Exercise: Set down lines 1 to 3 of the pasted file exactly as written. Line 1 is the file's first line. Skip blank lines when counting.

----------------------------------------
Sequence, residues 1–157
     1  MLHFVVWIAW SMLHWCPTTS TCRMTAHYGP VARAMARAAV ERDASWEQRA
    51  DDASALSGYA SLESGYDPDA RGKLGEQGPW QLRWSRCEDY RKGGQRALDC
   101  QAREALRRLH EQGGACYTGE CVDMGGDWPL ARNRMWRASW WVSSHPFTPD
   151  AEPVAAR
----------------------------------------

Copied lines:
Sequence, residues 1–157
     1  MLHFVVWIAW SMLHWCPTTS TCRMTAHYGP VARAMARAAV ERDASWEQRA
    51  DDASALSGYA SLESGYDPDA RGKLGEQGPW QLRWSRCEDY RKGGQRALDC